According to media estimates, however, there were about 100 men, arranged in two rows. Russian officials did not explain the absence of the other crew members.

The Shkrebets’ quest for answers, like that of other families, is an uphill battle.

Interviewed by the independent Russian-language site Meduza, based in Latvia, Anna Syromaysova, the mother of a missing conscript reported that she could not see any official documents relating to the victims: There are no lists. We are looking for them ourselves. They don’t tell us anything.

An observation also made by Maksim Savin in an interview with New York Times.

They don’t want to talk to us. We are in mourning; they enlisted our little brother, and it is very likely that they will never return it to ushe said of his brother Leonid, a conscript of barely 20 years refractory to serve in the army and who did not support the war, he specifies.

The family was first told he was missing, then received conflicting accounts of the circumstances of his death, before one of their interlocutors reverted to the initial version.

Looks like the officers are trying to shut everyone uphe concludes.

Her account matches that given by Tamara Grudinina on the BBC’s Russian-language service. Her son, Sergei Grudinin, 21, was assigned to the Moskva after receiving basic training, she claims.

He was alternately told that he was missing, that he was alive and well, and that he would contact her at the first opportunity and that he had sank with the boat.

For fear, perhaps, of reprisals on the part of a government which provides for penalties of up to 15 years in prison for the dissemination ofmisleading informationothers preferred to confide in the media on condition of anonymity or deleted their messages on social networks after reporting the disappearance of their loved ones.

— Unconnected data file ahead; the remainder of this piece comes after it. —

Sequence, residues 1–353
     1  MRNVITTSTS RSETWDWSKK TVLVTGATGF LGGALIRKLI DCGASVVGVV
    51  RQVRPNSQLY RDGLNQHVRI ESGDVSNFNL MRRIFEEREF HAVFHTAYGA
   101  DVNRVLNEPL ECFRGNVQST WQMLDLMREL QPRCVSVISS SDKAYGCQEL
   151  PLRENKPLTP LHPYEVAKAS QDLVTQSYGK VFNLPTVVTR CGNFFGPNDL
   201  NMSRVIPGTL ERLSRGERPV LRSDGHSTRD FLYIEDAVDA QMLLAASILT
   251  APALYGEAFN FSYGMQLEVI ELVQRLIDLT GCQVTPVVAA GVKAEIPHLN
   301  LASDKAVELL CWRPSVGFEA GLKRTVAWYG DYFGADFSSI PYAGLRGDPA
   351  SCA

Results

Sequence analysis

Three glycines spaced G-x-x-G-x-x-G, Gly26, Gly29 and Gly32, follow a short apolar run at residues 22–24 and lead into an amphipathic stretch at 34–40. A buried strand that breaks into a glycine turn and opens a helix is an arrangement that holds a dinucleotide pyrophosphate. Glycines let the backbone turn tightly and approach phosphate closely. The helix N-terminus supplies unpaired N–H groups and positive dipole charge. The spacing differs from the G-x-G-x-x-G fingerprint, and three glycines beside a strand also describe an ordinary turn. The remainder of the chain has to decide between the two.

The Kremlin declined to comment on testimony that has emerged over the past few days, saying it defers to the Defense Ministry, which has not confirmed the information.

Russians report death of loved ones

A wreath with a ribbon at a ceremony in Sevastopol.

Veterans of the Russian Black Sea Fleet held a ceremony last Friday in memory of the Russian missile cruiser Moskva.

Photo: Reuters / ALEXEY PAVLISHAK

Media, including Reuters, reported that a memorial ceremony was held in Sevastopol last Friday. Photos from the event show wreaths adorned with a message honoring the ship and the crewwhich, according to Radio Free Europe/Radio Liberty, indirectly confirms that some members of the crew of the Moskva were indeed killed.

On Russian networking site Odnoklassniki, Varvara Vakhrusheva confirmed the death of her husband, Midshipman Ivan Vakhrushev, following a call from Russian Navy officials.

A sailor’s wife interviewed by Radio Free Europe/Radio Liberty also confirmed her husband’s death.

Yulia Tsyvova, in tears, for her part confided to the Guardian having received, on Monday, a call from the Ministry of Defense advising him of the death of his son Andrei.

He was only 19 years old, he was a conscript. They didn’t tell me anything else, no information about the date of the funeral. I’m sure he’s not the only one who died. »

A quote from Yulia Tsyvova, at Guardian

The Meduza site cites a source close to the command of the Russian Black Sea Fleet, who claims that 37 crew members of the Moskva died.

The assessment coincides with that put forward in an interview granted on condition of anonymity to Novaya Gazeta Europe by the mother of a sailor who survived.